Global Trends by Martin Khor

Monday 1 August 2005

New battles ahead as WTO talks falter

Blurb:  Last week’s meeting at the World Trade Organisation ended on Friday without any results.  There will thus be more intense talks from September, and developing countries should prepare to face great pressures from the developed countries determined to pry open their markets.


The World Trade Organisation held its end-of-July General Council meeting last week in an atmosphere of anti-climax and general gloom as it failed to meet its well-publicised aim of coming up with half-way agreements on key issues.

Indeed, several Trade Ministers (from the United States, the European Union, Japan, India, Hong Kong) turned up at a meeting which is usually attended by Ambassadors. But there wasn’t much for them to do, as it was too late to cobble together any kind of deal.

“The situation is disappointing but not disastrous,” said the WTO’s outgoing Director-General, Supachai Panitchpakdi.   He was making the best of a bad situation. 

Just a week ago, he had tried to cajole the WTO members to get a last-minute deal, by saying he had pressed the alarm button and “these talks are in trouble.”

Actually, there is not really a crisis, or not yet at least.  What the WTO is aiming at is to get agreements done before the Ministerial Conference in Hong Kong in mid-December.

In the WTO tradition, deals are made only at the last minute, and at the Ministerial meeting itself.  But two out of the last three Ministerial conferences (in Seattle and Cancun) ended in disaster as the bickering among countries went on to the last minute and the talks collapsed in front of the world media.

To avoid a repeat, the WTO leadership wanted to pace the preparations better, so that the deals (represented by drafts and texts) are done even before the Hong Kong meeting, which would then be mainly ceremonial.

Last week’s meetings were to have produced “first approximations” of the Hong Kong texts.  But in the end there were no texts on nothing was produced on agriculture, industrial tariffs, services or special treatment for developing countries.

This just means that there will be more work to be done in the remaining months before the Hong Kong meeting. 

This time around, the blame was at least not put on the developing countries.  Indeed, the Group of 20 developing countries were praised by both the EU and US for coming up with drafts on agriculture that is perceived as the “middle ground” on which progress can be made.

Developing countries wanted the developed countries to cut their farm subsidies and high tariffs, so that their agricultural products can get into the rich countries’ markets.  But the rich countries (influenced by the lobby of their big farmers) are still not willing to do enough, thus resulting in the impasse.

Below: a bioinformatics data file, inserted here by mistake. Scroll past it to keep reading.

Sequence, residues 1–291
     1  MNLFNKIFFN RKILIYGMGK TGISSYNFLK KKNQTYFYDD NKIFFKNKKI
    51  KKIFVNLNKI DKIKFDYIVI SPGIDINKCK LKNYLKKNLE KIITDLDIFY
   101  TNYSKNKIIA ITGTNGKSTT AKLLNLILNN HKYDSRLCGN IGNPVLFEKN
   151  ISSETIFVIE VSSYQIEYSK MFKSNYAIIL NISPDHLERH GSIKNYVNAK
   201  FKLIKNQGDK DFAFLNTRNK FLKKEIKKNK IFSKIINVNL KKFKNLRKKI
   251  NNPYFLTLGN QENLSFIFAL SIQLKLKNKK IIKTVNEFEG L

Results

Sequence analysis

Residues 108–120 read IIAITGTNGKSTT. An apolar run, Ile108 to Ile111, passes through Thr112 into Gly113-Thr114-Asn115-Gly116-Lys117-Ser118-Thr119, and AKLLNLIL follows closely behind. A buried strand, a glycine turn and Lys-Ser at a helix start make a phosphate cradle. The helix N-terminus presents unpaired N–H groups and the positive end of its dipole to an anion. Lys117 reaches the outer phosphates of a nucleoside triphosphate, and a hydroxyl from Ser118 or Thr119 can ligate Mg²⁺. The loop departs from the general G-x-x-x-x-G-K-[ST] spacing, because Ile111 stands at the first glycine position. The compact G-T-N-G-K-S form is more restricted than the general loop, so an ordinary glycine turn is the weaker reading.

The rich countries on their part are pressing the developing nations to drastically cut their import duties on industrial goods and to open up their services (such as banking, wholesale and retail trade, telecommunications, energy, legal and architectural services) to foreign investment.

Most developing countries are alarmed at these pressures, as they have already liberalised, and the local firms are already struggling to compete on their home ground.  Further opening up on the scale being proposed might just knock many local enterprises into closure.

Thus, the formula used to cut the industrial tariffs was not agreed to last week.  Neither was there agreement to use new methods (proposed by the EU) to get developing countries to open up more services sectors using a “benchmarking approach.”

On another issue, trade facilitation, most countries were happy that there was progress on the talks, and credit was given to Malaysia’s Ambassador to the WTO, Muhamad Noor Yacob, who chairs the negotiating group on this issue.

The developed countries are pressing poorer countries to upgrade their import facilities and cut the red-tape on trade procedures.  Developing countries say they need aid to pay for expensive technical upgrading, and that some regulations are necessary and should not be scrapped.

On special treatment for developing countries, 88 proposals had been put forward, but hardly any progress was made on most since 2001.  An attempt to finalise just five proposals relating to the poorest countries failed last week as well. 

With lack of any outcome in last week’s talks, the main event as the General Council closed on Friday were the farewell speeches to Dr Supachai, who leaves the WTO to join the United Nations Conference on Trade and Development as its new Secretary General on 1 September.

His successor, Pascal Lamy, the former EU Trade Commissioner, made a brief appearance to announce the appointment of four new deputy directors-general, who come from Chile, India, Rwanda and the US.

The WTO takes a one-month summer break in August.  From September, there will be the usual intense pressures building up.  The developing countries can expect to be put under great stress to agree to cut their agricultural and industrial tariffs very significantly, and will need a lot of skill and will to negotiate properly.

As recent examples in almost every country have shown, when duties are slashed too fast or too steeply on imported products, this can adversely affect the market share or even survival of local companies and farmers.

Unfortunately, the companies in developing countries are not even aware of the WTO negotiations and the effects these may have on their future.  They are thus unable to lobby their governments, unlike the farmers and industrial conglomerates of the rich countries, that lobby so well that they practically drive their governments’ trade policies.